As the wrecking ball continues making its way through the lugubrious and now-closed Maryland Penitentiary that squats for several blocks on East Forrest Street in Baltimore, it’s time to recall the adventures of “Tunnel Joe” Holmes, the only resident of the institution who ever successfully dug his way to temporary freedom, and was returned there after pulling off a stickup in Mount Vernon.
Holmes was into the eighth year of a 20-year sentence for burglary when, fearing he would “blow up — as he’d seen others do in nearby cells,” reported The Baltimore Sun, he made the conscious decision on July 8, 1949, to start digging his way to freedom, and began hacking away at the slate floor beneath his cot.
An experienced criminal, Holmes, who only had a fifth grade education, was first sentenced to the city jail in 1928 for breaking and entering and at the age of 19 began serving a 30-month sentence in the pen. By 1939, he had earned the newspaper moniker of “Dinner-Time” burglar for his penchant of breaking into Guilford and Roland Park mansions occupied by the wealthy at the dinner hour.
After robbing Dr. Hugh Hampton Young, a well-known Johns Hopkins surgeon, urologist and patron of the arts, who lived on West Cold Spring Lane, Dr. John B. Whitehead, an electrical engineer, and John R. Shea, an industrial executive, Holmes was sentenced in 1941 to a 20-year sentence in the Maryland Penitentiary.
Holmes began his tunneling project using a stick with a nail attached to its end, and after 40 days of steady work, had fashioned a trapdoor that he was able to keep away from the prying eyes of guards who inspected his cell.
He chose to conduct his labors as nightly radio broadcasts were piped over the pen’s public address system, and after placing a dummy on his cot and stripping down to his underwear and shirt, wiggled into the shaft he had fashioned and started digging away for at least four hours every day.
Holmes used a small homemade kerosene lantern for illumination as he dug with a shovel he had made from a stick to which he attached a piece of metal. He then carefully packed earth he had removed into hand-sewn bags which he carried up into his cell and then flushed down the toilet.
After encountering water, he designed and built a 9 foot deep by six feet wide drain which allowed him to dispose of 140 gallons of water nightly.
Twenty months of tunneling resulted in a narrow tube that was 70 feet long and plunged 26 feet down under the prison’s outer wall, ending in a grassy plot at Forrest and East Eager streets.
“The morning before the escape, he completed the entire project, leaving a thin layer of topsoil on the lawn above, but poking a small peephole through to see the outside,” reported The Sun. “He saw the night light, and above him, framed in the tiny peephole, the stars. That gave him a great deal of satisfaction.”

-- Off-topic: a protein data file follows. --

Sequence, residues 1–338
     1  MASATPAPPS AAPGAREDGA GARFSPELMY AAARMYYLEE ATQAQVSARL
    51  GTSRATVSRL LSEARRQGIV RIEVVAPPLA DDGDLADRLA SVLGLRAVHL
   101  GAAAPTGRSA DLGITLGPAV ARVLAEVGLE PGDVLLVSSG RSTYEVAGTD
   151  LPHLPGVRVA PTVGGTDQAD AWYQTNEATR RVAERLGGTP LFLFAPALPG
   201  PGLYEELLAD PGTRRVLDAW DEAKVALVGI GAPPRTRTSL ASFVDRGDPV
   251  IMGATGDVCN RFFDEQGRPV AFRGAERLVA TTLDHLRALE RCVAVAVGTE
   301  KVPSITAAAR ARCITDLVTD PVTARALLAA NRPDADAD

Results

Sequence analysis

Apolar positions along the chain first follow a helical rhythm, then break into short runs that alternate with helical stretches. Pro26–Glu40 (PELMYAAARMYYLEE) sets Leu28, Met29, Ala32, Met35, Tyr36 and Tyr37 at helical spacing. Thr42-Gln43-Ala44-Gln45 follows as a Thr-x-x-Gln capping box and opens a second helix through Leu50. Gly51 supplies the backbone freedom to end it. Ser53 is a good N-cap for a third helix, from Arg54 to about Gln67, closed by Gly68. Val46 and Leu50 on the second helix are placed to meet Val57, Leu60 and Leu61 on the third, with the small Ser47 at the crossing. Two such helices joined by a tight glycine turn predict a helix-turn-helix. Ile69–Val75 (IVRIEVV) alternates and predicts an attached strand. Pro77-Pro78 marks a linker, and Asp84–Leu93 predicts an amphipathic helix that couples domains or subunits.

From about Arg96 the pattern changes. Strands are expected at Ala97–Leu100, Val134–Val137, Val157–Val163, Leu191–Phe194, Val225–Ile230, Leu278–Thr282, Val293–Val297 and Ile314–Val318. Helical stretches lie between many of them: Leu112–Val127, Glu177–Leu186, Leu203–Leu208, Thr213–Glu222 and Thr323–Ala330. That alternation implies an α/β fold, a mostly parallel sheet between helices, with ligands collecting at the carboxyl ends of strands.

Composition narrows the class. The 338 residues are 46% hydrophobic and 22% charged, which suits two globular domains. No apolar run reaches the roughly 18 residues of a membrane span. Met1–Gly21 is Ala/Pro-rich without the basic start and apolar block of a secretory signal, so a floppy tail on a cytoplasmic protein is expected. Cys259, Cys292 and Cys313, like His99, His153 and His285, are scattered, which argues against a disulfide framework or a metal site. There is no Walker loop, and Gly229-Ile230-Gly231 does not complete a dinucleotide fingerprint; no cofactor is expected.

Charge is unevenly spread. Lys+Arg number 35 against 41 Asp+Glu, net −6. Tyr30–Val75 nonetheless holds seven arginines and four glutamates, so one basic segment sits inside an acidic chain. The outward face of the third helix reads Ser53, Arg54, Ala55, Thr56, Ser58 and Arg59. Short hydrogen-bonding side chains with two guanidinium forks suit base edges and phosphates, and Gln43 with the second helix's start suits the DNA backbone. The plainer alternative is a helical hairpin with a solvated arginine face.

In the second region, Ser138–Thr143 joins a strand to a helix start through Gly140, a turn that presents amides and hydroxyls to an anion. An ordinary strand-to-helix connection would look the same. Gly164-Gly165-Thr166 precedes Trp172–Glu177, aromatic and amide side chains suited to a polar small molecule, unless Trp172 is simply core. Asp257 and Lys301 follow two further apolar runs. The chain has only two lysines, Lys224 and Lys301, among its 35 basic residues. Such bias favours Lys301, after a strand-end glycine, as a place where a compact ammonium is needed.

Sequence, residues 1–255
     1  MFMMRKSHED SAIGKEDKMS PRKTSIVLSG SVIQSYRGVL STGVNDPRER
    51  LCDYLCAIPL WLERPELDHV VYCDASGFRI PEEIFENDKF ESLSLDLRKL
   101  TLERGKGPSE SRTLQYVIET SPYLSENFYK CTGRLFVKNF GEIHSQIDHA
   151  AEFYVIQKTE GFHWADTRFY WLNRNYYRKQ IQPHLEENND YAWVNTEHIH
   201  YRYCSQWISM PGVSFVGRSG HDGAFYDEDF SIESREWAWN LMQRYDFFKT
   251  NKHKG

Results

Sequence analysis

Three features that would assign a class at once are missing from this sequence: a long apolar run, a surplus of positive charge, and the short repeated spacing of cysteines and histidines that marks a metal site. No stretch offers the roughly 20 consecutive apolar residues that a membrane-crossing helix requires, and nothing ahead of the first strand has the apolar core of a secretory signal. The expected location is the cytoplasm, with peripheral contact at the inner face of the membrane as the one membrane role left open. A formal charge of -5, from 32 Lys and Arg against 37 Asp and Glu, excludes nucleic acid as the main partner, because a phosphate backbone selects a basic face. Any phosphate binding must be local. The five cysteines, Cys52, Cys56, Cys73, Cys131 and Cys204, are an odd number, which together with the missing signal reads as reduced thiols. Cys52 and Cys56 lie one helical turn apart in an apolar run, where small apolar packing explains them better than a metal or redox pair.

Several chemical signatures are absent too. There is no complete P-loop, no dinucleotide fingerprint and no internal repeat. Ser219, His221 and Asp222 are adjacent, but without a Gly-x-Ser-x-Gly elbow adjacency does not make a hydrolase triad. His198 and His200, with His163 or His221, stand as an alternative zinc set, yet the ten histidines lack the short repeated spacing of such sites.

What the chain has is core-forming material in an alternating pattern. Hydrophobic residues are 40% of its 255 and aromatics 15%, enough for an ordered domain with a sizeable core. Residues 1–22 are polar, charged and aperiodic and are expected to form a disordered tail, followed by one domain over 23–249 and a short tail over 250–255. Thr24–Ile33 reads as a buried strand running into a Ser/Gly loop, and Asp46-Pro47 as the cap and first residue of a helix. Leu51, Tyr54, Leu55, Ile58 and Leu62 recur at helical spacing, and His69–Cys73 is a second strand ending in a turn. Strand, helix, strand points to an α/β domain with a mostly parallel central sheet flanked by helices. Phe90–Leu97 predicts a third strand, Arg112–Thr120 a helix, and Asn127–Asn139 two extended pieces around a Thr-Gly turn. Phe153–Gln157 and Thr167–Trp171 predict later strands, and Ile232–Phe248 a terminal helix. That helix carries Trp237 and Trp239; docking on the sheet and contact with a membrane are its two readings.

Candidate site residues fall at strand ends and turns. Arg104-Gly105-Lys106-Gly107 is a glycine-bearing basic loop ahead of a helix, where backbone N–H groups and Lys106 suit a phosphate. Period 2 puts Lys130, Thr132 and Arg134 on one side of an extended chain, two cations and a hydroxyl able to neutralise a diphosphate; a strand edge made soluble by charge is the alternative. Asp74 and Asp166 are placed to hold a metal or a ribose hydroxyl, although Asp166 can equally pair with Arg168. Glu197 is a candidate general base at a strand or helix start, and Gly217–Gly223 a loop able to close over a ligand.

On Feb. 18, 1951, Holmes made a run for it when he packed his civilian clothes and a $152 dollars he had saved, and made his way through his tunnel in 45 minutes. Outside, he shed his muddy clothes, changed into the ones he had packed, and then ran and jumped a 7-foot picket fence near the warden’s residence, landing in Eager Street.
For several weeks, he wandered to Wilmington, Delaware; Philadelphia and New Haven, Connecticut, before returning to Baltimore to board a ship for a foreign port. After being involved in a bowling alley shootout on Howard Street, Holmes was arrested after robbing John W. Garrett’s cook of $5 in Mount Vernon Place.
Col. Edwin T. Swenson, the pen’s warden, told The Sun it was “the most fantastic escape I’ve ever heard of ... and that his ex-charge must have been an engineer.” He banned all copies of the newspaper that showed detailed drawings of Holmes' escape, fearing that it might inspire other guests of the State of Maryland to take up excavation work as a creative and possibly lucrative pastime.
Holmes, who was sentenced to another 20 years for the escape, never gave up the idea of making a run for it. In 1953, he was placed in solitary and given a diet of bread and water after guards discovered escape plans, a cache of weapons and a bed sheet rope he and an accomplice had fashioned.
On Oct. 27, 1970, after serving 29 years, nine months and 17 days, Tunnel Joe was paroled, and spent his first day as a free man going to the movies.
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Holmes was 61 when he died April 17, 1973, beginning his permanent underground journey after being lowered into an unmarked grave in Westport’s Mount Auburn Cemetery.